Our study is limited by several potential sources of information bias. We only documented up to 4 prior vaccination records. While it is reasonable to assume that most children receiving 2 doses in the same season were vaccine naïve before that, we cannot confirm this. We also could not examine the cumulative total of all influenza vaccinations. Also, we may have falsely classified some of the children as unprimed due to incomplete vaccination records. Although our Network now documents all influenza vaccination records of enrollees, in the current study we could not verify the completeness of medical records for children during the 2011–2012 season. In an attempt to remove monovalent A(H1N1)pdm09 vaccinations, we likely excluded some seasonal influenza vaccinations administered after October 2009. Taken together, these potential sources of information bias would result in underestimation of VE associated with full vaccination or multidose priming, especially among older children for whom more records need to be captured. Thus, although we are confident in the significant effects we observed, these information biases combined with small sample sizes for some vaccine exposures reduced the precision of our estimates and likely limited our ability to detect true differences in VE.
In addition, our study has at least 4 other limitations. First, although we excluded children who received LAIV3 during the study season, we could not determine the vaccine types of all previous vaccinations. However, LAIV3 has accounted for a relatively small proportion of vaccinations in our Network to date.21,25,35 Second, unmeasured or residual confounding may have biased our results in unknown ways, since children who consistently receive recommended influenza vaccination doses may differ from those who do not in susceptibility to influenza, access to medical care and other characteristics. Third, we lack information on past infections and possible immune mechanisms that could explain the differences in clinical protection we observed. Finally, given limitations in our sample size and the number of prior vaccination records we retrieved, we were unable to examine VE associated with other potentially valuable priming histories. For example, future studies should examine whether 2 doses of vaccine in consecutive seasons when A(H3N2) vaccine components were unchanged offer similar priming value in reducing the risk of A(H3N2) illness as the receipt of 2 homologous doses in the same year.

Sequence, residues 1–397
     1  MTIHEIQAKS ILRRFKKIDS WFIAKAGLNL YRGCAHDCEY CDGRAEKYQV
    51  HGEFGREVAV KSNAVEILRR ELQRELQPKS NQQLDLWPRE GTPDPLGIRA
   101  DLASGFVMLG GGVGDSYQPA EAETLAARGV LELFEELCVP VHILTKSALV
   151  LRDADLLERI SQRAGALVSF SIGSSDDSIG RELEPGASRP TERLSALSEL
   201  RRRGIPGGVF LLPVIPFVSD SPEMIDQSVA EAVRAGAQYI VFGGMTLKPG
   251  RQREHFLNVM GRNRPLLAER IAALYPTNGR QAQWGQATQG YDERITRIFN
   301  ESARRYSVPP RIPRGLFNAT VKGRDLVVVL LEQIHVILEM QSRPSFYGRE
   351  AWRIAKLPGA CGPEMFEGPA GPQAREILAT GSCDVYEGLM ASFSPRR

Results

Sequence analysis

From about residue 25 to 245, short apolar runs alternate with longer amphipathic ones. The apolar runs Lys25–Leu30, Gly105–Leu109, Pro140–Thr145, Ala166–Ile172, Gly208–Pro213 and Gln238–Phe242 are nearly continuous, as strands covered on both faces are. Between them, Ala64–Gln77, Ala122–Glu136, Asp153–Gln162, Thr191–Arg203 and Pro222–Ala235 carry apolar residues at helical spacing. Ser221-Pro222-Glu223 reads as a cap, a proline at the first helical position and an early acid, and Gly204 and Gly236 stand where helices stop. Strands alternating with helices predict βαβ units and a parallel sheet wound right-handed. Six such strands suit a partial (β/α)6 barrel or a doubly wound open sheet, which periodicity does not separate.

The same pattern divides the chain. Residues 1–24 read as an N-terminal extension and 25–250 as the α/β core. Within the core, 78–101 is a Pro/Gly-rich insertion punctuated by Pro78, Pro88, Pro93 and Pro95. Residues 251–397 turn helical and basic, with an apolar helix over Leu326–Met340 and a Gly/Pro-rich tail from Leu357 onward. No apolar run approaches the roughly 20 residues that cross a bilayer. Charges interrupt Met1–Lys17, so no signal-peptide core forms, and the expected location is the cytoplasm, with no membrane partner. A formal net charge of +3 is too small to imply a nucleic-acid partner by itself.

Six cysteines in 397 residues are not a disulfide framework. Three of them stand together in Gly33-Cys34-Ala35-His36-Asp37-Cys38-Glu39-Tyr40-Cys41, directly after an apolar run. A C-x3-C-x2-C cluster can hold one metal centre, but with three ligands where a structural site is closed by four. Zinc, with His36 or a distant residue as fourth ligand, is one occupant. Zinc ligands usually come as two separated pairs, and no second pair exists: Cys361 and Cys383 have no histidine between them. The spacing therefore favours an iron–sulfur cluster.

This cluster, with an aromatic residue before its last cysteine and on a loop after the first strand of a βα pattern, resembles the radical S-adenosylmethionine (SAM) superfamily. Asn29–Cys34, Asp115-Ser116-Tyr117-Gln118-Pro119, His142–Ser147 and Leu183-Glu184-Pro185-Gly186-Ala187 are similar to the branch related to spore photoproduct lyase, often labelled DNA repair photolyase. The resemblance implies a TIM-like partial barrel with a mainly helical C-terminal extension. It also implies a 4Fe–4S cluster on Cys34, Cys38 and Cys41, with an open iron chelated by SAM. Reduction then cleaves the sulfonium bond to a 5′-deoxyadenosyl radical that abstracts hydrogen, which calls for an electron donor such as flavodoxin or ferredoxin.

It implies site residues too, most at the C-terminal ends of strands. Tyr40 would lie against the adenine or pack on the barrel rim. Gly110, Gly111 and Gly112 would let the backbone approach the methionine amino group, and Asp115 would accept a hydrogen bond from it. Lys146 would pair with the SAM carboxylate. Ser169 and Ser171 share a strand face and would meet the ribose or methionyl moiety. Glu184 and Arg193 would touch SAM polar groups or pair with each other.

In conclusion, during 2011–2012 and 2012–2013, vaccination with IIV3 reduced the risk of outpatient medical visits for ARI associated with influenza virus infection by about half. Vaccinations received in previous seasons had preventive value in subsequent seasons in the form of residual protection for those who missed vaccination in and priming which boosted the benefit of IIV. Most notably, children primed with 2 doses of influenza vaccine in the previous same season appeared to enjoy even greater preventive benefit from IIV3 and may have reduced their risk of A(H3N2) illness by two-thirds. Taken together, our findings reinforce the importance of examining influenza VE among children within the context of prior vaccination history and priming. Observational studies (and possibly randomized controlled trials in countries without universal vaccination recommendations for children) are needed to confirm the importance of priming doses to immunogenicity and VE and to inform international vaccine policy.
The authors thank Sarah Spencer, PhD, Tricia Nowalk, PhD, David Shay, MD, Jerome Tokars, MD and Lisa Grohskopf, MD for their feedback on early versions of this manuscript. The authors also appreciate the contributions of our research staff at our study sites and the children and parents who participated in this study.